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-   -   small voltage on circuit with breaker off (http://www.diychatroom.com/f18/small-voltage-circuit-breaker-off-51543/)

jasonmechler 08-24-2009 01:32 AM

small voltage on circuit with breaker off
 
I replaced a dimmer switch with a regular switch this weekend. After turning the breaker off, I verified it wasn't hot with my multimeter, but noticed that I was still getting 5V AC between hot/neutral and hot/ground. I removed the cover to my service panel and was reading the same thing at the breaker. I turned off every other breaker individually and none of them seem to have this problem.

I then turned off every breaker in the panel, and the problem breaker read 0V. As I turned on individual breakers, the problem breaker voltage increased about .1-.2 volts per breaker. There were a few breakers that reduced the voltage instead of increasing it. These are duplex 20A breakers. The breaker on the same duplex increases it by about 2 volts. The two breakers on the duplex unit below the problem breaker increase it by about 1 volt each.

While this was occurring, every thing that I am aware of was completely disconnected from the circuit. I spent a while crawling around in the attic and could not find anything that tied into this line between the service panel and the switch I was replacing.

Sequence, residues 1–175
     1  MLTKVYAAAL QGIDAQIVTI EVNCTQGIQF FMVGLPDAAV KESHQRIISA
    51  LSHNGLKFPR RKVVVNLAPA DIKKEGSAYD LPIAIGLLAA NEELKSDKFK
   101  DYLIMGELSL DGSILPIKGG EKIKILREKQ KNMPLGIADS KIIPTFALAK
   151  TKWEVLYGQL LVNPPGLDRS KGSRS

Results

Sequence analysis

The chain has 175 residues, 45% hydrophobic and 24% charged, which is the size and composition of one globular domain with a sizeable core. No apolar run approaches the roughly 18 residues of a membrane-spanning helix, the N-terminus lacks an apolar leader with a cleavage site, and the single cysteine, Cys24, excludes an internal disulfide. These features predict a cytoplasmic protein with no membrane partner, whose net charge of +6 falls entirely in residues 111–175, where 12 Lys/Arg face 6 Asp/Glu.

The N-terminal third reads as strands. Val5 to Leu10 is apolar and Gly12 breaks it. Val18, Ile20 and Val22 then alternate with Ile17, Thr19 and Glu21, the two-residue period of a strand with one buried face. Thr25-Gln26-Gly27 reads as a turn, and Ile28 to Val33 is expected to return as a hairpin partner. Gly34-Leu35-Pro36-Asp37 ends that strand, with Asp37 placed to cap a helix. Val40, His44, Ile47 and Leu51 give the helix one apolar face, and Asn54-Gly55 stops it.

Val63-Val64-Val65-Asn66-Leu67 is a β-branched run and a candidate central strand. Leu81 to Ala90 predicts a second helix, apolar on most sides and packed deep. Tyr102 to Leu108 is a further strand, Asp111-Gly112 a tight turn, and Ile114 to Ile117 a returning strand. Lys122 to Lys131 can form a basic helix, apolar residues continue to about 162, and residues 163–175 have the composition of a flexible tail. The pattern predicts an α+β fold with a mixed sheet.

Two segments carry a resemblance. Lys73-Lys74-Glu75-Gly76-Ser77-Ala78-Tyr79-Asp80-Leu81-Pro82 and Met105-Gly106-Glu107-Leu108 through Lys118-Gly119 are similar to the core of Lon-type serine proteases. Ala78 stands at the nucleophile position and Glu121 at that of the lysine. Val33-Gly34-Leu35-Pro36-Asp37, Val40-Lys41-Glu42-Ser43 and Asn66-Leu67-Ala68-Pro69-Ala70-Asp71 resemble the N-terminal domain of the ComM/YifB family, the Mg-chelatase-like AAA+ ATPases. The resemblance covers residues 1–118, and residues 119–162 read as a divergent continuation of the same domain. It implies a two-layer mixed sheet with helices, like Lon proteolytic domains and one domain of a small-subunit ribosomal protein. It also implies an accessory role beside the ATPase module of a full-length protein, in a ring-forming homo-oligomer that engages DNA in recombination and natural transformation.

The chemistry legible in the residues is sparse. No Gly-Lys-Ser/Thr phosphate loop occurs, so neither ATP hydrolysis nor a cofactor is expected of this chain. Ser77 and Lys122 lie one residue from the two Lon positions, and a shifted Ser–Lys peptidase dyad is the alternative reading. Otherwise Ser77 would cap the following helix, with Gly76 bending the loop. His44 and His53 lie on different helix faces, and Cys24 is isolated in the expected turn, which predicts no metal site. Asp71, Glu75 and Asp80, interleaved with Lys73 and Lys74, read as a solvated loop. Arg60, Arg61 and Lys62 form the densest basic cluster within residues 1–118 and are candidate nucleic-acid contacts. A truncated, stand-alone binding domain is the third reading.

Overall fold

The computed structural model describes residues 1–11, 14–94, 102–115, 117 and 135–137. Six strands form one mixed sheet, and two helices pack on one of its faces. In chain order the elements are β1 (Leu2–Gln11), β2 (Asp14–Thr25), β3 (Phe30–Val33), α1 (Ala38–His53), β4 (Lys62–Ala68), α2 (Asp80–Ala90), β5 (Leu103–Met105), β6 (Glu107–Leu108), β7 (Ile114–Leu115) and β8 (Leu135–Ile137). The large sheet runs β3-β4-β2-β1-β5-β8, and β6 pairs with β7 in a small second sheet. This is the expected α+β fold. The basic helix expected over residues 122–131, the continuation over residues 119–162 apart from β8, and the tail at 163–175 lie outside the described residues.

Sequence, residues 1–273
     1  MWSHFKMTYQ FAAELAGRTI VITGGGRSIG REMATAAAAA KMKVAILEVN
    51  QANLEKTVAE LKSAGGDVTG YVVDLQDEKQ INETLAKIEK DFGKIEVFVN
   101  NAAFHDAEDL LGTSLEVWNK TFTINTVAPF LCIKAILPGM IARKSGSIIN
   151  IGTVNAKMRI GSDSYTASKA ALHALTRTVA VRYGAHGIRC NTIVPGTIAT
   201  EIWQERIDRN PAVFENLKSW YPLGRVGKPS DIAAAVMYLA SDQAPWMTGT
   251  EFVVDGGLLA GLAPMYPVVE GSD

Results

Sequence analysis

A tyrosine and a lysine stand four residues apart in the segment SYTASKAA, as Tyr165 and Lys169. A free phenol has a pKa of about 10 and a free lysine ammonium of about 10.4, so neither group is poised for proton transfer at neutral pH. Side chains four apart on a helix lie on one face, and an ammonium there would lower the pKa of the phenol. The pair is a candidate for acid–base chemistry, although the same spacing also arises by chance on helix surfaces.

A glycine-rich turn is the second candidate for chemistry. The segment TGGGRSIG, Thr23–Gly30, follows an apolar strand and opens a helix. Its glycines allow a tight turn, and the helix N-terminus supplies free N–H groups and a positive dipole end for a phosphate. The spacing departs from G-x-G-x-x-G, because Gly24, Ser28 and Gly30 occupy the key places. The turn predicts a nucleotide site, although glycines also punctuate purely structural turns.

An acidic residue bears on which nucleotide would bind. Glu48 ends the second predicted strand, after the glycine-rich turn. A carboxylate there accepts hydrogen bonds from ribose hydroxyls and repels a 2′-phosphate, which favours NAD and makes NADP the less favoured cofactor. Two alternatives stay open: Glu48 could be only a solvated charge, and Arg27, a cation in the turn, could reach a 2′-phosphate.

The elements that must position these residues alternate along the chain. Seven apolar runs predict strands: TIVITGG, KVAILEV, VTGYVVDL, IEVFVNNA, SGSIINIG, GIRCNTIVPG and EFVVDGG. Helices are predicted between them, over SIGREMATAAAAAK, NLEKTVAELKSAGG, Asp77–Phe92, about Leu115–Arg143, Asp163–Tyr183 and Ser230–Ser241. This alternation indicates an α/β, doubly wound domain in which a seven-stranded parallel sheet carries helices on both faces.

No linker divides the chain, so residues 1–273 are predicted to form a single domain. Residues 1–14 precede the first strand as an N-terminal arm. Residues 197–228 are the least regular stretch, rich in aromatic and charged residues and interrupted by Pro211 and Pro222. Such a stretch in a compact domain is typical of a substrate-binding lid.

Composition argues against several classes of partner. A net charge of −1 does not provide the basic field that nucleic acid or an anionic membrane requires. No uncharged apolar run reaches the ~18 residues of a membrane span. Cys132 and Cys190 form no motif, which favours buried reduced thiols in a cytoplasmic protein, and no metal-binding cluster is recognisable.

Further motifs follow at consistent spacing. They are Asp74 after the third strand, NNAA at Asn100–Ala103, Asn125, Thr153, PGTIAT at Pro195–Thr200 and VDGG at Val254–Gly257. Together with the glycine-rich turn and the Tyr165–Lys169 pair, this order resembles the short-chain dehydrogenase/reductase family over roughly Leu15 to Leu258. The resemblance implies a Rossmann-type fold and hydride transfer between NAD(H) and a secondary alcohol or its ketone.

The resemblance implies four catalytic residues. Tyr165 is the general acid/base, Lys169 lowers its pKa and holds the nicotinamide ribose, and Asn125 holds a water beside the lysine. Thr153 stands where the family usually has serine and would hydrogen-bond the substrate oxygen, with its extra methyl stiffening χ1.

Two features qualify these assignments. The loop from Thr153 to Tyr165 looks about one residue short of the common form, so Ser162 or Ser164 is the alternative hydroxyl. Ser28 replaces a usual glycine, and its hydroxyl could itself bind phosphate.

Is it possible that some sort of induction effect is causing this voltage? Why wouldn't it occur on any other circuit? Is it unusual? It is unsafe? Do I need to contact an electrician to check it out?

Thanks,
Jason

AllanJ 08-24-2009 07:39 AM

Probably some induction effect, sometimes referred to as phantom voltage. Any AC current carrying wire can induce currents, usually very minute, in nearby wires. Current won't actually flow unless there is some load, and your meter is such a load although only a minute amount of current will flow through a voltmeter even if the wire is actually live.

The more sensitive your meter is (higher impedance) the more likely you will measure this. In general, digital voltmeters are more sensitive than analog (needle) meters.

If you plug in and turn on an incandescent lamp using this circuit with the breaker off, and it is indeed induced current/voltage, that will drop to zero as seen on any voltmeter.

oilseal 08-24-2009 08:06 AM

I agree with AllanJ. In general when measuring on power circuits using high-impedance meters the readings often will be misleading. For one example, I was reading 120v out of the panel yet the circuit was dead, i.e., the lamps and outlets on that feed were dead. I then realized that I should have used my simple GE Voltage Tester. I found that the connection out of the breaker was poor, but good enough to pass a small current readable on a DVM.

jasonmechler 08-24-2009 09:52 AM

thanks
 
Problem solved and lesson learned. Voltage went to 0 when I plugged in a small table lamp.

Thanks AllanJ and oilseal.


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